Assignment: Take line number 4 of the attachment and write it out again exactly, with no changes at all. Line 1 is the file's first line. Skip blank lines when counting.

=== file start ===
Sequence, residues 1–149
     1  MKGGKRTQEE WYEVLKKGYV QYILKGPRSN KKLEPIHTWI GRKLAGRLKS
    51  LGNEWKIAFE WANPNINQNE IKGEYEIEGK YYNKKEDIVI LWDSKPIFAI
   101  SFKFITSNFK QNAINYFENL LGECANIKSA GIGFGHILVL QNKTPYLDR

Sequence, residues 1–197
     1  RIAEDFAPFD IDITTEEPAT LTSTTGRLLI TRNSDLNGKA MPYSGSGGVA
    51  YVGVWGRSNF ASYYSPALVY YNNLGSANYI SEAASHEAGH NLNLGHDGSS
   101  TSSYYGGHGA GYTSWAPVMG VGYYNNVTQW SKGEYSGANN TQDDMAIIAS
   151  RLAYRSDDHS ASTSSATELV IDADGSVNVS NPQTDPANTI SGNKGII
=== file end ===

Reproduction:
   101  SFKFITSNFK QNAINYFENL LGECANIKSA GIGFGHILVL QNKTPYLDR